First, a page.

Abortion, health reform and me: who is making our choices?

Am I the only person around who is squirming — make that fuming a little — over the concessions made to the anti-choice guys before the House passed its health reform bill? Does no one else find it offensive to turn from reading on page one of today’s New York Times about this sad state of events to page 14 for a large photo of President Obama shaking hands with Cardinal Sean O’Malley? They were meeting at the funeral for Senator Ted Kennedy in August, where reportedly the good clergyman told the president that the Congress of Catholic Bishops really wanted to support health reform ——– oh, but only if everybody caved to their wishes that abortion remain unavailable.

It is not as if we weren’t forewarned. I posted a brief note in this space a few days ago (see Abortion Foes Winning Health Concessions, 11/4, below) and tried to resume a position of calm.

It is hard to remain calm. Somewhere the lines about separation of church and state have to fuzz themselves back into reality. I believe in the right of the U.S. Congress of Catholic Bishops to tell Catholics how to behave (despite the fact that of my many Catholic friends I know almost none who pay any attention in matters of personal choice.) I even believe in the right of the Pope to tell the Bishops to tell their parishioners how to behave. I even believe in the responsibility of all individuals, including my Presbyterian self, to behave according to their conscience and their faith. I just hate being governed by someone else’s faith.

This is not a small distinction. My own church, admittedly starting with a small group here in woo-woo San Francisco, passed a fairly strong national resolution denouncing our country’s torturing folks and seeking justice. As far as I know, no one threatened the president about withholding support for these occasionally immoral wars we keep fighting unless the instigators of torture-in-our-name were sent to jail. However strongly I would like to see the latter happen, I believe there are limits to what faith communities should do.

I had personal experience with back-alley abortion, in the dark days pre-Roe v Wade. It was not pleasant. Is there any way a celibate Catholic bishop could even remotely understand the horrors to which he is condemning poor, desperate pregnant women with the relentless push to make abortion totally unavailable? No. I wish there were.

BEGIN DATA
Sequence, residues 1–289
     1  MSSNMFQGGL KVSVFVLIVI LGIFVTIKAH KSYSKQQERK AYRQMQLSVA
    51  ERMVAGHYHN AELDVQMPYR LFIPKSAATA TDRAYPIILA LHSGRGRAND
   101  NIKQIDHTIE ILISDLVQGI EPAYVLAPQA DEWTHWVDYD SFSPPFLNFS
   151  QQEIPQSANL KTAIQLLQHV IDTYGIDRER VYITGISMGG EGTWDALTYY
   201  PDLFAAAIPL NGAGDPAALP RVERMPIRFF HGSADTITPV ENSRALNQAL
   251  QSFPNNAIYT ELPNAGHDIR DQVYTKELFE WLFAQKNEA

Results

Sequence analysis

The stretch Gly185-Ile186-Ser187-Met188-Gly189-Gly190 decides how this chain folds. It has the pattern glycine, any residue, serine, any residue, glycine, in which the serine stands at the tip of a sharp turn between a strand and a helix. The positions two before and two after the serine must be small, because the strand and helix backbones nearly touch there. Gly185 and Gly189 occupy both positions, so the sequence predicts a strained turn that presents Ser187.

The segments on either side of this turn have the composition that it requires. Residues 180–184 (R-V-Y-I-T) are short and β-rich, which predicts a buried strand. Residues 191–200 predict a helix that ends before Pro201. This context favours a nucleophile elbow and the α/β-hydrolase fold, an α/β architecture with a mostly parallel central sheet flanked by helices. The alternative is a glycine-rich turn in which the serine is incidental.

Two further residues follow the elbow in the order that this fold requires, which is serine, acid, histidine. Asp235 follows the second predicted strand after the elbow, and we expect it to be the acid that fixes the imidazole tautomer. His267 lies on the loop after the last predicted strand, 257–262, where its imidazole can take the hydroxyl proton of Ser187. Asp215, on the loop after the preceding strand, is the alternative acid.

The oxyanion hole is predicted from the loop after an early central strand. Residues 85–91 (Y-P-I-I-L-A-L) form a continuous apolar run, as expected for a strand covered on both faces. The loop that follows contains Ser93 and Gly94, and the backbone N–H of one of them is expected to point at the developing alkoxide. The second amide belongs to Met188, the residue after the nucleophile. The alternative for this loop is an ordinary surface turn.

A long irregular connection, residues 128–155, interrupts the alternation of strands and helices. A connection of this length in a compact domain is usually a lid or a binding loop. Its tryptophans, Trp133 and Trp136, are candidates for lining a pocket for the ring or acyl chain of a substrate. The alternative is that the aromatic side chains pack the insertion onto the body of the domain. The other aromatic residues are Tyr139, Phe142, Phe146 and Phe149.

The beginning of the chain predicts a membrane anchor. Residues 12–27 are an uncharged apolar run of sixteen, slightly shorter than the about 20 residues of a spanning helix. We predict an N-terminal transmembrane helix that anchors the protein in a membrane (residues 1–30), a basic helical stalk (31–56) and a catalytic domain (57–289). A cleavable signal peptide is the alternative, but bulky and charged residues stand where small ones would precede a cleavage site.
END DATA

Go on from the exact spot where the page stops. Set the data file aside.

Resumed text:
We still have got to have health reform. But what prices we are paying.

Watching Idols and Icons Die

An article in yesterday’s New York Times chronicled the recent “funereal season” that has seen the passage of such players on the national stage as Walter Cronkite, Les Paul, Farrah Fawcett, Michael Jackson, Ted Kennedy and Patrick Swayze. Add to that the death this week of singer Mary (“Peter, Paul and Mary”) Travers. Although Times writer Sarah Kershaw noted that no more celebrities died this summer than in summers past, a couple of other elements are in play: the particular folks who departed the stage in recent months did so just as Baby Boomers are hitting retirement age, and they were the people who “defined (the Boomers) as a tribe, bequeathing through music, culture, news and politics as a kind of generational badge that has begun to fray.”

Generational badge-fraying is not necessarily a bad thing. As long as one wears the badge lightly on the pocket and occasionally notices which threads are coming loose, in fact, I maintain it is downright healthy. Contemplation of our terminal condition could do most of us a lot of good.

(Specifically, a few of those Boomers who have been putting off getting their advance directives done (OK, I see your eyes glazing over, but stick with me here) will start thinking about doing so. Or at the very least, have a little talk with their significant others about how long they’d like to be kept on life support if they have a stroke tomorrow. Getting this done today leaves tomorrow for enjoying everything else. Plus, it encourages calm; see below.)

Walter Cronkite wound up a long and happy life at 93. But Ted Kennedy was 77, one year older than yours truly. Farrah Fawcett was 62. Patrick Swayze, 57; Michael Jackson, 50. DJ AM Adam Goldstein was 36. The reality is that we’re all terminal; most of us terminate before we’re quite ready but it does happen. Acknowledging that fact can be ridiculously freeing.

The Boomers are reportedly worried not only about the finiteness of their lives, but also about their legacy. The Times article quoted a survey of 1,000 Americans age 44 to 79 conducted by AARP, which found that 55 percent believed they would leave the world worse off than they found it. That prospect can turn you gray in a hurry. But these near-retirees are not planning just to sit around getting gray.

Loss of their legends, according to Marc Freedman, author of “Prime Time: How Baby Boomers Will Revolutionize Retirement and Transform America, has created in this generation a sense of both the “expansion and compression of time,” and they are looking toward second careers doing good. “I think this is the first time so many have simultaneously had an awareness of death and the prospect of a whole new act,” Mr. Freedman says. Many of those new acts may turn the above expectation around, so the world might be left a little better off than they found it.

To which the post-Boomers say, Go Boomers.